Among the many important discoveries that have taken place in astronomy and astrophysics in the last two decades, the discovery of a large diversity of exoplanets around other stars in our galaxy and the existence of dark energy can be considered the most ground-breaking and revolutionary. Building on the hugely successful legacy of NASA’s Great Observatories program, which consisted of the Hubble and Spitzer Space Telescopes, as well as the Compton Gamma Ray and Chandra X-ray Observatories, the National Research Council’s 2001 Decadal Survey in Astronomy and Astrophysics identified the determination of the Universe’s mass-energy content (including dark matter and dark energy), as well as its large-scale distribution across cosmic time and space, as one of its top science priorities. The mission that came on top on the 2001 Decadal Survey’s list for that matter was the Next Generation Space Telescope, that came to be known as the James Webb Space Telescope, which is now on its final stages of construction and assembly ahead of its launch on top of an Ariane 5 rocket in 2018.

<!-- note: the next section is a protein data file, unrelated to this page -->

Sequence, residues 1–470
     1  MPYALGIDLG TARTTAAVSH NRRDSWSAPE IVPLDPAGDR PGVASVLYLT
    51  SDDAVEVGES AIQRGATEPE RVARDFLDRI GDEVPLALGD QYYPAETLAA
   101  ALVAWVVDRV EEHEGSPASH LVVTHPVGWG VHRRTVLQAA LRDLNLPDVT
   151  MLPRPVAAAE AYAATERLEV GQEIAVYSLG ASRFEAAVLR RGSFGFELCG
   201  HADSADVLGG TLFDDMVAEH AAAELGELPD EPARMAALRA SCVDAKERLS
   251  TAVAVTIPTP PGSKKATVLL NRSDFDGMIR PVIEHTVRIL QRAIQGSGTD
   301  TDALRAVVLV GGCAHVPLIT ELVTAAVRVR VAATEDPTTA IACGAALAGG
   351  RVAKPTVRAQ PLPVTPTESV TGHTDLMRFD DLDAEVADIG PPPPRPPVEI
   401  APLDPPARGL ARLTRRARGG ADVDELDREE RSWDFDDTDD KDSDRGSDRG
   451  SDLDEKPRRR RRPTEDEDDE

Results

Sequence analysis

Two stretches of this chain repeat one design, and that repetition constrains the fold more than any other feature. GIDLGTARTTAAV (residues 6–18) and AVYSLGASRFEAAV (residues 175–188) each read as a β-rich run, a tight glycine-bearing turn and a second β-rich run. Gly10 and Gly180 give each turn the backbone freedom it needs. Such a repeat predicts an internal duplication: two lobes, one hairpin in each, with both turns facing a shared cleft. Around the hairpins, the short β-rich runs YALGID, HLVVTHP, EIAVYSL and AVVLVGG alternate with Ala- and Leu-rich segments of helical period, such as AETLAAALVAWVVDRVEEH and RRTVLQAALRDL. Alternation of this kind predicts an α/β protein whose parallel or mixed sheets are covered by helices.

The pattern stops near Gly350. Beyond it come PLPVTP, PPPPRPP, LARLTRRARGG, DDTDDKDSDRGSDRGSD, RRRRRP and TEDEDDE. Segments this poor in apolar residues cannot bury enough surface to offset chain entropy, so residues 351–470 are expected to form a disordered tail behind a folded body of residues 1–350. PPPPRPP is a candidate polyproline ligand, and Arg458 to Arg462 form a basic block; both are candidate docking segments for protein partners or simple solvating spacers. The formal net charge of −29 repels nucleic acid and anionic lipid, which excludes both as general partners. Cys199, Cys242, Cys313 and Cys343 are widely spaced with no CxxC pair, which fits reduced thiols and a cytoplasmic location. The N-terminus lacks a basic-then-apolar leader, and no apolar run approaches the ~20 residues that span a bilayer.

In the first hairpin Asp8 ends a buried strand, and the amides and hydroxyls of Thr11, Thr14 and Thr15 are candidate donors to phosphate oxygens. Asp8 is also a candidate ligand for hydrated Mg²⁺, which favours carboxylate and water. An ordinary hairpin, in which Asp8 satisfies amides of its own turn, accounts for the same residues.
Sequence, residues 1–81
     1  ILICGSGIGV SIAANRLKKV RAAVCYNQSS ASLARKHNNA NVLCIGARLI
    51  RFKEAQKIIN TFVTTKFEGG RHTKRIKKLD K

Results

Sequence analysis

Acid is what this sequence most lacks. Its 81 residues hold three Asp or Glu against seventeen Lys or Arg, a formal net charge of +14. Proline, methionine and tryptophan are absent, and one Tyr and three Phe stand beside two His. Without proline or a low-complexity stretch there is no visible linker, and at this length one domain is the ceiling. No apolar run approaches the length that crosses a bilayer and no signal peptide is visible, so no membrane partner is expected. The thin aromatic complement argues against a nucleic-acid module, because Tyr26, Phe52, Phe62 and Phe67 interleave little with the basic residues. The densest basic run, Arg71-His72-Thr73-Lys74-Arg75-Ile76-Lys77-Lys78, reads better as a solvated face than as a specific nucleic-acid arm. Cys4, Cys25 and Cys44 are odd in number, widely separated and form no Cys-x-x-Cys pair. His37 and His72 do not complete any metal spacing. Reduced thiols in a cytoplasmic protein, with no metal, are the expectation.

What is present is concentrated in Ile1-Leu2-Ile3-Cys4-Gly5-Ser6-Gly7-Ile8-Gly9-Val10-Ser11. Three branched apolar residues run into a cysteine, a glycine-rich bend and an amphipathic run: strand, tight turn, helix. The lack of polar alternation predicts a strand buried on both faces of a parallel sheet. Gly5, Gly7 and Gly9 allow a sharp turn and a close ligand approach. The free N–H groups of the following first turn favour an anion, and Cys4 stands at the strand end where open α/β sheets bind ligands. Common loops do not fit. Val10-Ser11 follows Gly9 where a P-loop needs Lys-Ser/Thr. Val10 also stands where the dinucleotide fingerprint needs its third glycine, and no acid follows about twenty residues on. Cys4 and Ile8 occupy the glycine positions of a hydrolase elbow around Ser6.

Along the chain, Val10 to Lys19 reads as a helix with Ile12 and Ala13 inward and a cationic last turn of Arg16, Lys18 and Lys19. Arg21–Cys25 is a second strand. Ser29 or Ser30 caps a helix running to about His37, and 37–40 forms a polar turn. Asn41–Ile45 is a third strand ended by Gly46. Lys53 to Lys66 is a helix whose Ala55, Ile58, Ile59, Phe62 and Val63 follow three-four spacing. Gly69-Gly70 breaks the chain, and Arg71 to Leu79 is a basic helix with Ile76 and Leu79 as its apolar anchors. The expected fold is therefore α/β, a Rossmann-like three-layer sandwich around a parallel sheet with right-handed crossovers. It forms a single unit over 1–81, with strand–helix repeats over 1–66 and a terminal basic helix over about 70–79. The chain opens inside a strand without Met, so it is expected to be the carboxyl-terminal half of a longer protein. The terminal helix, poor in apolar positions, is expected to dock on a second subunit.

Determining the exact nature of dark energy, which is a completely unknown form of energy that is believed to permeate the entire Universe that forces the latter’s expansion to accelerate over time, and searching for the first stars and galaxies that ignited in the primordial Universe, and which led to the large-scale structure that we see today, were some of the overriding themes for the 2010 Decadal Survey in Astrophysics. Yet, even though the James Webb Space Telescope is poised among other things to make significant contributions to the search of cosmic dawn in the primordial Universe, a better understanding of the mystifying dark energy would best be achieved by a space-based observatory that would have a very wide field of view, much bigger than that of Hubble and the James Webb telescopes.